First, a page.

Peter Appert of Goldman Sachs, who has been analyzing newspaper company stocks for 25 years, uses a more sophisticated method than Potts. He works with quarterly as well as yearly numbers and separates ad revenue into national, retail and classified. He believes national will continue to decline over time. "Retail is tricky," he says, "because the numbers are weak now," but he thinks this category won't plummet as dramatically as the others.

But classified advertising, which accounts for 30 percent to 40 percent of a newspaper's ad base, "may not exist in print at all at some future point," Appert says, "because from an advertiser's standpoint, the online alternative is a better way to reach your target audience." While papers have traditionally had a monopoly on classified ads in print, the competition is fierce online at such venues as, where most job postings are free, and Yahoo! and other sites where advertisers can focus on readers with specific interests, and at a cheaper rate than they have to pay for print ads.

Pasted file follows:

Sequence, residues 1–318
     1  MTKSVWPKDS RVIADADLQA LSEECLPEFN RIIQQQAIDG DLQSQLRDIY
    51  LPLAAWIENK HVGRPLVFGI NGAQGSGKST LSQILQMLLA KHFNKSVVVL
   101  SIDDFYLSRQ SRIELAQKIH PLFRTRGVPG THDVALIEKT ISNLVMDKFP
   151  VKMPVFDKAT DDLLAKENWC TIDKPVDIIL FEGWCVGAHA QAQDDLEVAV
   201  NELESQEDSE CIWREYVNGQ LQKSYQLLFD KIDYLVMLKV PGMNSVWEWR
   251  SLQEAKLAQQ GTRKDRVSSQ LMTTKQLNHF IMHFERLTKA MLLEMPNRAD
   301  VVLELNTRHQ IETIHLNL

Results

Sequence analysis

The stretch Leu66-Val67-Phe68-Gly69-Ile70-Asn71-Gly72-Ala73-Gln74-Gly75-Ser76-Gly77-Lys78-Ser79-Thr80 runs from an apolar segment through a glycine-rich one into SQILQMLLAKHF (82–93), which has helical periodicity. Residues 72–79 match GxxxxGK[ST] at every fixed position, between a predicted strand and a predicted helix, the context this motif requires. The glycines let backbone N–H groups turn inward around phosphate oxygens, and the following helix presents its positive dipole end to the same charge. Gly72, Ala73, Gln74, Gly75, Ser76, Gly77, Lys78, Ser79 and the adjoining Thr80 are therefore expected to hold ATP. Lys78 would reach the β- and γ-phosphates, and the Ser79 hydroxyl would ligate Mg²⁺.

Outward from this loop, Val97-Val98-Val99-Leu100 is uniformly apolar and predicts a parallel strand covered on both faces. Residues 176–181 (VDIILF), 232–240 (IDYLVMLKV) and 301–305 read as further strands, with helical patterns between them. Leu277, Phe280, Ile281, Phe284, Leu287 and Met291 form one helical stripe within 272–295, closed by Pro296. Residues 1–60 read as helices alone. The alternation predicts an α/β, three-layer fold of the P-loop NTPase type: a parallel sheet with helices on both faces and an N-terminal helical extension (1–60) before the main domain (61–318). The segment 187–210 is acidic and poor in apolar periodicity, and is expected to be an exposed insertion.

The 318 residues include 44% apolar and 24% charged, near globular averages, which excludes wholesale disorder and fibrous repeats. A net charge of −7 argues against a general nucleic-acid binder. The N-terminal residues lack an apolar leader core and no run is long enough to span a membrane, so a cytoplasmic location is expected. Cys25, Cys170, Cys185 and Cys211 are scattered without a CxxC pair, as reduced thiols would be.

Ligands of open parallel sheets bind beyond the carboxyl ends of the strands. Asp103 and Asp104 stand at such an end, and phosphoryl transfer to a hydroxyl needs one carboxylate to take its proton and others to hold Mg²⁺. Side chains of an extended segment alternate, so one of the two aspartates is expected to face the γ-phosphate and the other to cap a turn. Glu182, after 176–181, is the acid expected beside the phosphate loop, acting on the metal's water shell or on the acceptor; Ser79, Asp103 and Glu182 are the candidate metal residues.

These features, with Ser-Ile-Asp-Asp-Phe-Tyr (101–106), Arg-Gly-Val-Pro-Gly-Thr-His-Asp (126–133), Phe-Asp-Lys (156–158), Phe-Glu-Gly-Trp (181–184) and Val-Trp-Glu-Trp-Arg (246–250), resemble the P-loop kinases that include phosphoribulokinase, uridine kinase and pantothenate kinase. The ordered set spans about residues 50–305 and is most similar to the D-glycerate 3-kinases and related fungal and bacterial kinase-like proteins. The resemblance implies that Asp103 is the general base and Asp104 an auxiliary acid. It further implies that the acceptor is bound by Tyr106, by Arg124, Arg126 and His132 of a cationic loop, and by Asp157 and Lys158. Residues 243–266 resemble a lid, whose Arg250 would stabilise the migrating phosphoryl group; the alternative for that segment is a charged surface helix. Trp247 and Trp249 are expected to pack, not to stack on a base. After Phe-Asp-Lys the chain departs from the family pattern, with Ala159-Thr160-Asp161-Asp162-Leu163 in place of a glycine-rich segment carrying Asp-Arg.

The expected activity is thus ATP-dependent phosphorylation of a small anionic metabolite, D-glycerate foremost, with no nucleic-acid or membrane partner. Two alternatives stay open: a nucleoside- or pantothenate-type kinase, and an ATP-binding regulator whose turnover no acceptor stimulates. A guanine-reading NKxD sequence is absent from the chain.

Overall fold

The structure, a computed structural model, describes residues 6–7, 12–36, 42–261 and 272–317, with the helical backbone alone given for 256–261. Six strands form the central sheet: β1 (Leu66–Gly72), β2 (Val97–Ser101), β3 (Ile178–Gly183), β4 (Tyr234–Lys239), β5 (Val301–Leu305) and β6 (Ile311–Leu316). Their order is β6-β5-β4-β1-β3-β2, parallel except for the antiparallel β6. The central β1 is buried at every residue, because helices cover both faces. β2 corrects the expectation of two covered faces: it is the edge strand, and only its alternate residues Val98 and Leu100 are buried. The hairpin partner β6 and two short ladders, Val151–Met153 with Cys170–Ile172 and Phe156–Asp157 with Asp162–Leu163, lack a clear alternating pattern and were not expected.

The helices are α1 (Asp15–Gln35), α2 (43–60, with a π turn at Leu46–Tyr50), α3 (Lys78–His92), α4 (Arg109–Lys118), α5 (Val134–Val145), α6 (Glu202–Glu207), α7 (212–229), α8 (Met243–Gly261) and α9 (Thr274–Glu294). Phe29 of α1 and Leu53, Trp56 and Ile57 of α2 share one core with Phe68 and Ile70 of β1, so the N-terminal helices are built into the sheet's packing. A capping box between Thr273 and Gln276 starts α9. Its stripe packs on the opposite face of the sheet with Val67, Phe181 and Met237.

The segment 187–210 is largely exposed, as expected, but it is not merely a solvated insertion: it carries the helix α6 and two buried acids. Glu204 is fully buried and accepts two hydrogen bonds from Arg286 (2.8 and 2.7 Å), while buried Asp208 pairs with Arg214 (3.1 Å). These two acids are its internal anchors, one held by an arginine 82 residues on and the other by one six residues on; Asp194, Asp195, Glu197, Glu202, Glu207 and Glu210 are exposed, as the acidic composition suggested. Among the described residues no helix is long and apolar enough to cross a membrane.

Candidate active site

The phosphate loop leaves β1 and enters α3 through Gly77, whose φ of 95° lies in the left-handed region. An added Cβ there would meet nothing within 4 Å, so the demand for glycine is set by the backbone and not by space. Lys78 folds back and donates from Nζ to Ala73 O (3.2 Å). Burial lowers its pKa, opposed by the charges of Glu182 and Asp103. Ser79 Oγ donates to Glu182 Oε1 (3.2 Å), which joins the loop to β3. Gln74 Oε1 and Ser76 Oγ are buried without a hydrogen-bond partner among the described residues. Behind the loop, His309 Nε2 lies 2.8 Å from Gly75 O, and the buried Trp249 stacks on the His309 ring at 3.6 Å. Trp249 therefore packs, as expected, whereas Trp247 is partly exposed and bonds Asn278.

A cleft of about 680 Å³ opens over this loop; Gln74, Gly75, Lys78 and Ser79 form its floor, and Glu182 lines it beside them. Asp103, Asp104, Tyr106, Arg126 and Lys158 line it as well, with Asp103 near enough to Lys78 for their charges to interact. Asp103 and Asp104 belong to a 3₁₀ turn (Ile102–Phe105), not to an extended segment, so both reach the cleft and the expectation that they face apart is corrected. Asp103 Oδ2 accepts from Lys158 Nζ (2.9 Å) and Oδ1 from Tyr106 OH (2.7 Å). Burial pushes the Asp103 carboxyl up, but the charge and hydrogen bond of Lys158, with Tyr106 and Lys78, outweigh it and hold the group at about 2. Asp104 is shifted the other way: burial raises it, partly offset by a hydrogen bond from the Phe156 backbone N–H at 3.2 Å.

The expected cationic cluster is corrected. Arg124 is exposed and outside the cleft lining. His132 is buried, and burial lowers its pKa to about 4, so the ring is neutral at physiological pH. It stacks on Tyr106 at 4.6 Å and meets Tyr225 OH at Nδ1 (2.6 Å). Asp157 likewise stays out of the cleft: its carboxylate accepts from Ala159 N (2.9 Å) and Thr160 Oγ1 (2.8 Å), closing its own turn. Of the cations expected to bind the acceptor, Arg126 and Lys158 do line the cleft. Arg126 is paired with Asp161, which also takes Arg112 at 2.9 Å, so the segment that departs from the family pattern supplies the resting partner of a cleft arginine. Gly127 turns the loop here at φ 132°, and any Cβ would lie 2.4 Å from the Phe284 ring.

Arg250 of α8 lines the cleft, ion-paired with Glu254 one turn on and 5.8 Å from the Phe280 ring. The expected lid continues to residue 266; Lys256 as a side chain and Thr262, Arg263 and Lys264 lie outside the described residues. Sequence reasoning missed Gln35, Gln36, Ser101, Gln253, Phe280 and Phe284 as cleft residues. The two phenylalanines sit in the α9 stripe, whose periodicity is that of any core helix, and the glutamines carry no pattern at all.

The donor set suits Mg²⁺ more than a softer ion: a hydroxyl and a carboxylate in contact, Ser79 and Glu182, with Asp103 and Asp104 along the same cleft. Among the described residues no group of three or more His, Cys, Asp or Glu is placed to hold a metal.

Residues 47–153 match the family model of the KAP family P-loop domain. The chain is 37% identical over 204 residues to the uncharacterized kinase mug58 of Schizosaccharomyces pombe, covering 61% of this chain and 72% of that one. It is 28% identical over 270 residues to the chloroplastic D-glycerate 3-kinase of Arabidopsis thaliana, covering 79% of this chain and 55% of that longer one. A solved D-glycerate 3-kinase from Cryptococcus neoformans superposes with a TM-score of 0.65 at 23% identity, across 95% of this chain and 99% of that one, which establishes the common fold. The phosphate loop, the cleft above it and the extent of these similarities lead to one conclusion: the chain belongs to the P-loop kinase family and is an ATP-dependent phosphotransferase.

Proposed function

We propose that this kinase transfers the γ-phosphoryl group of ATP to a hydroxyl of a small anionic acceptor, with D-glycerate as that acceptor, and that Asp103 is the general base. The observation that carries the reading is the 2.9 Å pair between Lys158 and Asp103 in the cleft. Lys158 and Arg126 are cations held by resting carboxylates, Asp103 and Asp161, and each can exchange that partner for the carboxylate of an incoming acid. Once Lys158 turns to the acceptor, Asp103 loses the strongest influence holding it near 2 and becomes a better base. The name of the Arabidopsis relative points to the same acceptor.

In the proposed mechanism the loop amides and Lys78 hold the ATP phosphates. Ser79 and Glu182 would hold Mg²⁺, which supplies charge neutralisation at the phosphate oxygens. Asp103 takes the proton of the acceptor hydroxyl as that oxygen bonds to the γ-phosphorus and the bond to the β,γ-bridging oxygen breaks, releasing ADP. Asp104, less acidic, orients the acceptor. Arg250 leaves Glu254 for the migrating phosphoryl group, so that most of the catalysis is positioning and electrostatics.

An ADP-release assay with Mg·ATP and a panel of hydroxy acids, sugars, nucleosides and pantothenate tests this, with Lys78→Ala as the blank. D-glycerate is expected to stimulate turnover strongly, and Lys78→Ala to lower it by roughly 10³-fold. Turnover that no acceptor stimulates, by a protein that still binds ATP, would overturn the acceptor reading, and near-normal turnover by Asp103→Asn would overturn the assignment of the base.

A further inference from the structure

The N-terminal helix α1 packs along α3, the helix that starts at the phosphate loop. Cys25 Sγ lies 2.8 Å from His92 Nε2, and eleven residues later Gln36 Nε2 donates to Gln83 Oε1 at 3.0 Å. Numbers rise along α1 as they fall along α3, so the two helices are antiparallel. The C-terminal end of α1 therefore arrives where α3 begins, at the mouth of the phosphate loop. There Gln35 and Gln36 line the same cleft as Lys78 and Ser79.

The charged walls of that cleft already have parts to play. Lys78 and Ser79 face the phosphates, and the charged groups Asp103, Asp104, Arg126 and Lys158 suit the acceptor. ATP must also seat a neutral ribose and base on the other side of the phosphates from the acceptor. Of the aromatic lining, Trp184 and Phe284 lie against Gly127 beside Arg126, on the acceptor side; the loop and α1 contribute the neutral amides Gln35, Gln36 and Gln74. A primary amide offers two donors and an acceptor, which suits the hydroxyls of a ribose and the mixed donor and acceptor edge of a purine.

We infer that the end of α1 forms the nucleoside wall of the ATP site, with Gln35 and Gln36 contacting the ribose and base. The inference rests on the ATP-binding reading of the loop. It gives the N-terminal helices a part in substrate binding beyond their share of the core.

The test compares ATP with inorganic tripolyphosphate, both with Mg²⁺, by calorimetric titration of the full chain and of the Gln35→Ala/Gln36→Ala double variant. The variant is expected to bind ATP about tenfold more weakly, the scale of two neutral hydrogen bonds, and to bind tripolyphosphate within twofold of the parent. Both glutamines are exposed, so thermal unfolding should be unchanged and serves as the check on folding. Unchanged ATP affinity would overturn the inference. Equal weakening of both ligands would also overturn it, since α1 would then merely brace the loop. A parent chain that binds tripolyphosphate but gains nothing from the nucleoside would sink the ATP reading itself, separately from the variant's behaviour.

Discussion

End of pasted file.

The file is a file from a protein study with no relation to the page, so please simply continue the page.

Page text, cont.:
So Appert agrees that the outlook is generally grim — so grim, he says, that some of his fellow stock analysts have turned away from newspapers as a specialty. Who wants to stake a career on a business with such poor prospects? Appert spends much of his own time analyzing non-newspaper firms — information service companies, electronic database companies and the like. "If I was covering only the newspaper industry, I would have to kill myself," he says.

His overall 2008 forecast for newspapers is this: Print will be down 9.3 percent, online up 10 percent and total ad revenue down 7.9 percent. "Frankly," he tells me, "I think people might say that my projections are not cautious enough."
Scenario #2:
Future Newspaper Ad Revenue
2007 $42.2 $3.2 $45.4
2008 $38.3 $3.5 $41.8
2009 $34.7 $3.9 $38.6
2010 $31.5 $4.3 $35.8
2011 $28.6 $4.7 $33.3
2012 $25.9 $5.2 $31.1
2013 $23.5 $5.7 $29.2
2014 $21.3 $6.2 $27.5
2015 $19.3 $6.9 $26.2